Strengths: The test of generalization, in which the symbolic model induced by regression on graph network messages generalizes better than the graph network itself, is exciting and points to a promising research direction. The difficulty of the symbolic regression problem tackled in the dark matter example is also impressive; the majority of prior symbolic regression work focuses on test functions which are in the grammar of the regression solver (things like simple polynomials, logarithms, etc), or known physical laws (as in the first two case studies in this paper). I am not aware of prior work which uses neural nets combined with symbolic regression to try to find *new* physical laws and takes seriously the answers provided by the algorithm as serious candidates for study by physicists.

Weaknesses: Overall, the paper comes off as lacking some precision in its algorithmic description. At multiple points I would have liked a formal statement of, for example, an objective function to accompany sentences like: L211: "[we] select the fit that maximizes the fractional drop in mean absolute error (MAE) over the increase in complexity for the next best model." This objective is indeed included in the appendix (L594), but it would not take up much space at all to also include these in the main body and would help make the paper more precise. Additionally, the details of using an off-the-shelf symbolic regression package will likely be opaque to the general NeurIPS community. The precise objective is specified in the appendix, and the primitives and dataset size are given in the main body, but there are other considerations and parameters that might be of interest here. Did you set a time limit on the symbolic search? Which genetic algorithm is used? Can you control the "frontier size" as in search algorithms like BFS? The general outline of including (sometimes redundant, high-level) method descriptions for each of the three cases studies in the results section, as opposed to one complete description of the entire pipeline, makes it somewhat more difficult to piece together the full algorithm.

Correctness: It would be helpful to include a baseline (possibly from [34], as discussed in the "Relation to prior work" section) to better underscore the improvements of this method over prior work. I would not be surprised if prior methods fail in the dark matter case study, but it does seem like Newtonian and Hamiltonian dynamics are within scope of earlier algorithms.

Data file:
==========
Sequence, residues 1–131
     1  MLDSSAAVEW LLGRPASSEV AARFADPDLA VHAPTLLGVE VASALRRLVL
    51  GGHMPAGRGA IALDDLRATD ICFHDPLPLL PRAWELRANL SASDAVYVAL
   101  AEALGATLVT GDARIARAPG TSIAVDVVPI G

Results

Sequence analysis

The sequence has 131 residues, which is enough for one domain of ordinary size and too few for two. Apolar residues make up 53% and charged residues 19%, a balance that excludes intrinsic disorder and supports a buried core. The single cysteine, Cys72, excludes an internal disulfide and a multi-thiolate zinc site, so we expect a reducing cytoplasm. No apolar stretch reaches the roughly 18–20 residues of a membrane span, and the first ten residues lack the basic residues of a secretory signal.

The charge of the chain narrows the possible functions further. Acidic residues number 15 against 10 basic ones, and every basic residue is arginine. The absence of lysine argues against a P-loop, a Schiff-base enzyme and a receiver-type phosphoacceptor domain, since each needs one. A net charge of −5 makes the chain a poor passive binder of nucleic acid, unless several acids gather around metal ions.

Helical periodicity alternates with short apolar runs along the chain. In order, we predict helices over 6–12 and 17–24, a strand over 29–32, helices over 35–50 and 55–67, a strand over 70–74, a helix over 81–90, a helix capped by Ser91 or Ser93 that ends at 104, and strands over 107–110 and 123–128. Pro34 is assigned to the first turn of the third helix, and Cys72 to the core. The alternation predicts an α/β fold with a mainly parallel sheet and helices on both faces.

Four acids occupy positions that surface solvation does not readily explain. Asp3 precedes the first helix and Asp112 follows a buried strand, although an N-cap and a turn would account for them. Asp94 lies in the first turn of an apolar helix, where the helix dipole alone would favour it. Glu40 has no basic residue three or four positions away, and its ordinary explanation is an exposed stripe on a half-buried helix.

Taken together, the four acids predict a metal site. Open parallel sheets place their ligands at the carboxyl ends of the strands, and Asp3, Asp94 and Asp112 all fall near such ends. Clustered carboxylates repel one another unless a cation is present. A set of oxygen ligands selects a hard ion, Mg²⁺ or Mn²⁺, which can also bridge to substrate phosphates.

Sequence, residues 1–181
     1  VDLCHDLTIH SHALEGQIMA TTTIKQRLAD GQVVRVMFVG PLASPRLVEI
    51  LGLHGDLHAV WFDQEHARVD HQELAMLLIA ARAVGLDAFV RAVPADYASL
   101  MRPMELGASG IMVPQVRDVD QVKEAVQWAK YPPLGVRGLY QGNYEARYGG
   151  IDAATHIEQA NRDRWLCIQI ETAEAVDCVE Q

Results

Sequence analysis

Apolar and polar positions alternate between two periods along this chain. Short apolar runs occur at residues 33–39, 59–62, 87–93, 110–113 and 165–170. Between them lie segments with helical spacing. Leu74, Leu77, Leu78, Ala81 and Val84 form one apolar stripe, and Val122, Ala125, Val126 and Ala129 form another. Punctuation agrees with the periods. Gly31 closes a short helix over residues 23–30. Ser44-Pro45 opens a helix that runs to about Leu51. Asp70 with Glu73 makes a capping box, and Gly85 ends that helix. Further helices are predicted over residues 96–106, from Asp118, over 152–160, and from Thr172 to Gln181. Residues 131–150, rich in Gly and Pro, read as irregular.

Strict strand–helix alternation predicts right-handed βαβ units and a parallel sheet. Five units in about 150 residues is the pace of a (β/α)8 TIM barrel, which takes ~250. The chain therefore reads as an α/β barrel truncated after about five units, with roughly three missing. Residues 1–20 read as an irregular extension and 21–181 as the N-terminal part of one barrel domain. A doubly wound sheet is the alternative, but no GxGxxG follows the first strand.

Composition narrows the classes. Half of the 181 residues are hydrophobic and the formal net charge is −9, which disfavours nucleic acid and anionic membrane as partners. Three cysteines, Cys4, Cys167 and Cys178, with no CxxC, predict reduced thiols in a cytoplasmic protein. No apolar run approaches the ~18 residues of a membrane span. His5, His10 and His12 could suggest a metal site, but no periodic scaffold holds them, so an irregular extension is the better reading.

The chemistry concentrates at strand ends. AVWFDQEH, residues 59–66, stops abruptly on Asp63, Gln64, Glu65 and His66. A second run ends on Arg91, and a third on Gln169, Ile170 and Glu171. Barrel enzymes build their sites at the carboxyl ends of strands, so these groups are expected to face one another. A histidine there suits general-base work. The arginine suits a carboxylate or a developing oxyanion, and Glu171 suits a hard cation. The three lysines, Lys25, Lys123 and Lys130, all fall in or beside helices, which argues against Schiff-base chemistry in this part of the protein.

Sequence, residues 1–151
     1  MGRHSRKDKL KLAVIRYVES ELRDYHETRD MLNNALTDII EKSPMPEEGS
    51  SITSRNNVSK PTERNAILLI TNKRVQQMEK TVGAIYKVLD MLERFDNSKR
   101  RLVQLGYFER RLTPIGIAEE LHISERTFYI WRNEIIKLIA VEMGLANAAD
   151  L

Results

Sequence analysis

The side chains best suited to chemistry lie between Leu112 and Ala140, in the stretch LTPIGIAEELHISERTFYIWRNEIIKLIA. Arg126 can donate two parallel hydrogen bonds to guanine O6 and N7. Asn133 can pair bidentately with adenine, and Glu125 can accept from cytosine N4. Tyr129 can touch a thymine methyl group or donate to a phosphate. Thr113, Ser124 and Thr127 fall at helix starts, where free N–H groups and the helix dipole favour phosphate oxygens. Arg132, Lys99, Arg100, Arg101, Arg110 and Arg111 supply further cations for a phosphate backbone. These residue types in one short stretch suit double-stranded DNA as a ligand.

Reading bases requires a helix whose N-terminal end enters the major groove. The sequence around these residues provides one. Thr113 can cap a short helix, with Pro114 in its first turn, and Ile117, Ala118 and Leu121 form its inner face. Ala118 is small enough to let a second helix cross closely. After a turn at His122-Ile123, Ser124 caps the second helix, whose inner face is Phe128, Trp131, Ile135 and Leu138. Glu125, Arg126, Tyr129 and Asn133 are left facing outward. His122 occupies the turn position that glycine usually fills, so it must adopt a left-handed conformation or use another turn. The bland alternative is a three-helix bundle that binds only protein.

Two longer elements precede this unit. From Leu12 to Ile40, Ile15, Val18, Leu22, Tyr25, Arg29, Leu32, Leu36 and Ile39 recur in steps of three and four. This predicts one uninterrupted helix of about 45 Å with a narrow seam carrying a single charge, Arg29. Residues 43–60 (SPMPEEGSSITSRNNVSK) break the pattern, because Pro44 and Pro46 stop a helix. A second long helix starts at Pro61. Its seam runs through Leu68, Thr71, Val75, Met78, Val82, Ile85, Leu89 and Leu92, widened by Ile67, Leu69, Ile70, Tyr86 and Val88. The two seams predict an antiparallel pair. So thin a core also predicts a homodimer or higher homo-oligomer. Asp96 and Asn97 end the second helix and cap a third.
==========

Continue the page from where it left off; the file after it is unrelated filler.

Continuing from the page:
Clarity: See concerns in "Weaknesses" and "Relation to prior work" sections.

Relation to Prior Work: I am not convinced this paper frames itself clearly with respect to prior work. It would be fair to expect some discussion of prior symbolic regression methods, in particular those combined with deep networks, but these are mostly lumped into this single sentence: L85: "There are other great alternatives and different approaches to eureqa, including [14, 7, 27, 1, 34]" without any further explanation of the differences between prior work and the proposed method. [34], for instance, also uses neural networks to "recursively break hard problems into simpler ones with fewer variables" for symbolic regression of 100 equations from the Feynman Lectures. This is superficially very similar-sounding to this paper's use of graph networks to break an intractable search problem into one of fitting $\phi^e_1$. [34] also includes an empirical comparison to eureqa, and seems like it would be a good candidate for a baseline for this paper, but at the very least slightly more discussion is warranted. Other works which go unmentioned include: 1. Peterson. Deep Symbolic Regression: Recovering mathematical expressions from data via risk-seeking policy gradients. 2020. 2. Kusner, Paige, Hernandez-Lobato. Grammar Variational Autoencoder. 2017. 3. Sahoo, Lambpert, Martius. Learning Equations for Extrapolation and Control. 2018.